According to recent research, nearsightedness in Canadian children increases approximately fivefold from Grade 1 to Grade 8, with roughly a third of the cases going undiagnosed and uncorrected.
Myopia, or nearsightedness, occurs when the eye grows too long and causes light rays to focus at a point before the retina. Close objects look clear but distant objects are harder to distinguish and appear blurred.
A team from the University of Waterloo’s School of Optometry & Vision Science and the CNIB found that myopia increases from 6 per cent in children aged six to eight to 28.9 per cent in children aged 11 to 13. According to the World Health Organization, the prevalence of myopia is “increasing globally at an alarming rate” and can increase the risks for vision impairment.
"Historically, myopia started at age 12 or 13, but now it is showing up more often in kids six or seven years old,” said Dr. Mike Yang, lead investigator and clinical scientist with the Centre for Ocular Research & Education (CORE) at the School of Optometry & Vision Science. “Our eyesight as a population is deteriorating and at a much younger age."
Myopia typically continues to progress until the late teenage years. Since it starts earlier in children today, they may experience a much greater decline in their eyesight over a lifetime compared with previous generations.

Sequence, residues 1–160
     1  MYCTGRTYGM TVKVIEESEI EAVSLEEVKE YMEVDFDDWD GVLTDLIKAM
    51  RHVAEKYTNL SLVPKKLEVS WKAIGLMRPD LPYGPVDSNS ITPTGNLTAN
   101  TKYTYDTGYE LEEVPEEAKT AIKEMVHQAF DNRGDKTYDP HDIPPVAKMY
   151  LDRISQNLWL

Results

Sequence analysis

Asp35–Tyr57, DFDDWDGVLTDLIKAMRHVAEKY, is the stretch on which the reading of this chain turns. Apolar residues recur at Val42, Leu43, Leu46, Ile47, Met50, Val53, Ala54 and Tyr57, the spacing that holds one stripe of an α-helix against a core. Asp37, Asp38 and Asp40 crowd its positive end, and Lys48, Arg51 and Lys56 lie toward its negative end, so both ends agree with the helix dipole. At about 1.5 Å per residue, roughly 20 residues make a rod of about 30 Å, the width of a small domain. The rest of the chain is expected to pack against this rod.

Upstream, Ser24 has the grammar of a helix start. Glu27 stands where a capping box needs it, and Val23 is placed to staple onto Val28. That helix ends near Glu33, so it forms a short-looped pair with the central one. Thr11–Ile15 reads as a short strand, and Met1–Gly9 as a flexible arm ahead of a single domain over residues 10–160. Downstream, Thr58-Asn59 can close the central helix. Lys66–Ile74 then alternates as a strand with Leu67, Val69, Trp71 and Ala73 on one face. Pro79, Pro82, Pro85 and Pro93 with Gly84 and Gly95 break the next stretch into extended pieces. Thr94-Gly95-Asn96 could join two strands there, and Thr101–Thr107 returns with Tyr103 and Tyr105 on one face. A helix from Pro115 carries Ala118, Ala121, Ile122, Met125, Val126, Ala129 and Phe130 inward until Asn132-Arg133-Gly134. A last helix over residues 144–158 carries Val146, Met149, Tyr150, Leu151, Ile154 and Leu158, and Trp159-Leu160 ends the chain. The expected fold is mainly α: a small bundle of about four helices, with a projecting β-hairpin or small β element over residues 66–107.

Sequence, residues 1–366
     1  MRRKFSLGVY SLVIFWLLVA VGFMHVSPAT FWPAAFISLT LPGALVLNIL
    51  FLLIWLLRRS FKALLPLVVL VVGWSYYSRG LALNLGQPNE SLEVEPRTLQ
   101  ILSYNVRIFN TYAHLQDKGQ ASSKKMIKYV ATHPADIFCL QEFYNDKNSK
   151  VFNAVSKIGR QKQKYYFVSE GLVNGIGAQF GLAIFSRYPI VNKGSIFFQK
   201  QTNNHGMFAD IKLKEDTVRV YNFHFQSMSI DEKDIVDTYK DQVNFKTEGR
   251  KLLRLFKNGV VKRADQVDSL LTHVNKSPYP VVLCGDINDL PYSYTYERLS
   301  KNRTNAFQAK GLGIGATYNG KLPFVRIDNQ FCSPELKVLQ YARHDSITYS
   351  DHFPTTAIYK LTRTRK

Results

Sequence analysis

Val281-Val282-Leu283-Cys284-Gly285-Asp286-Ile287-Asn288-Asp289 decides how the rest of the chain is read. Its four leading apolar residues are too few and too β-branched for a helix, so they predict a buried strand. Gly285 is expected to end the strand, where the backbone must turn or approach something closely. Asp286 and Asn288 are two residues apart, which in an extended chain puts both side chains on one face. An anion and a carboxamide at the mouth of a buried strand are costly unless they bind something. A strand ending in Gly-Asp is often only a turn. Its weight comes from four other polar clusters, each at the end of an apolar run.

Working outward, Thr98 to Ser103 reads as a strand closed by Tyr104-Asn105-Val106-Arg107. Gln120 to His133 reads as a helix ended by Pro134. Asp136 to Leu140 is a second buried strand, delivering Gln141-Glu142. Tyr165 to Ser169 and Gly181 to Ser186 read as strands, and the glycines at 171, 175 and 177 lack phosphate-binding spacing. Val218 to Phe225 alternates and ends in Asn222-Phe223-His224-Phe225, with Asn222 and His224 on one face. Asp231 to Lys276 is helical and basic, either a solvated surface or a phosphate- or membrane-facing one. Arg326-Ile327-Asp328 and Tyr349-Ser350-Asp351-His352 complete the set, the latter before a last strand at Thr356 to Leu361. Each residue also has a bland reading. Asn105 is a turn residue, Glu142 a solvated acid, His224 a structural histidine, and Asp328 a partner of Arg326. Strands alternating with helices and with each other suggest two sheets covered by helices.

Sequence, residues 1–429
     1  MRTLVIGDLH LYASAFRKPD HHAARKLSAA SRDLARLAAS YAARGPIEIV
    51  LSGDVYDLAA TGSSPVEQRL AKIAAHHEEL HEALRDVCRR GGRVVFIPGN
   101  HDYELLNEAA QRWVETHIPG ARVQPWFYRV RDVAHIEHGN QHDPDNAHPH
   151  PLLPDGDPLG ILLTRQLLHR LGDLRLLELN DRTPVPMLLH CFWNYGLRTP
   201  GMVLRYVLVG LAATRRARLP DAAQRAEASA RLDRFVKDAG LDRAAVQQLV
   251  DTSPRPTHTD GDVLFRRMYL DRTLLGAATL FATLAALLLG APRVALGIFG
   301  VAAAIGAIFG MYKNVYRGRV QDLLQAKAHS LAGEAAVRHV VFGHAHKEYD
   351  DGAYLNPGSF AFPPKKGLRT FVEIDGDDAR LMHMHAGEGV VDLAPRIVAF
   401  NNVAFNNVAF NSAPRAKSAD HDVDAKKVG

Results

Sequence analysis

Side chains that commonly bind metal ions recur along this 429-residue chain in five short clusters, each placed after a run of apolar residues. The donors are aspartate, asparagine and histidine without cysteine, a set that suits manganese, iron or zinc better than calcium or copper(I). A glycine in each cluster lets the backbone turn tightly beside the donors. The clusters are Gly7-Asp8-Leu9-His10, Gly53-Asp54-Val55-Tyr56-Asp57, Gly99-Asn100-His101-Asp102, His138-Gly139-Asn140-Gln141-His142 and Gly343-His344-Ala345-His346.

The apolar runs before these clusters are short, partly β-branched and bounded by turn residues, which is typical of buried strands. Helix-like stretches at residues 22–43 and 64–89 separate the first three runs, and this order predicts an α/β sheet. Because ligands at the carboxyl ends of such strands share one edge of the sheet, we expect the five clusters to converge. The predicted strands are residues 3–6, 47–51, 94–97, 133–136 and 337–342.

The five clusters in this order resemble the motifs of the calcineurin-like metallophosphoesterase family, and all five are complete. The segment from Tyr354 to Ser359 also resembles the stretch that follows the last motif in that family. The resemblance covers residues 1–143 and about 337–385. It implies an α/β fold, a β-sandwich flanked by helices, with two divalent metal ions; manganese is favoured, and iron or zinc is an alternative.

"One of the big problems of being myopic is that your risk of complications, such as retinal degeneration and detachment, increases,” said Deborah Jones, co-lead investigator on the study and a clinical professor at the School of Optometry & Vision Science. “The higher your prescription, the more at risk you are for complications that can lead to vision loss later in life."
According to the report, genetics plays a significant role in myopia. A child’s risk of developing myopia is doubled if a parent has it. However, the study found that reducing screen time and spending one additional hour per week outdoors significantly lowers the odds of children becoming myopic by 14 per cent.
Watch CBC’s recent TV coverage of this research, featuring Jones:
The researchers plan to extend their pilot study to populations nationwide, looking at eye health within different ethnicities and environmental settings.
Waterloo Assistant Clinical Professor, Dr. Shamrozé Khan, was recently featured in Today's Parent magazine, where her expertise was requested for an article entitled "What screens are doing to your kids’ eyes". The following article in this issue of Today's Parent also provides techniques for parents or care-givers who are dealing with children who view screens regularly.
As May is Healthy Vision Month, the School of Optometry & Vision Science would like to remind families and friends to get outdoors and enjoy the warm weather. Put down those screens and make vision a focus. #HealthyVisionMonth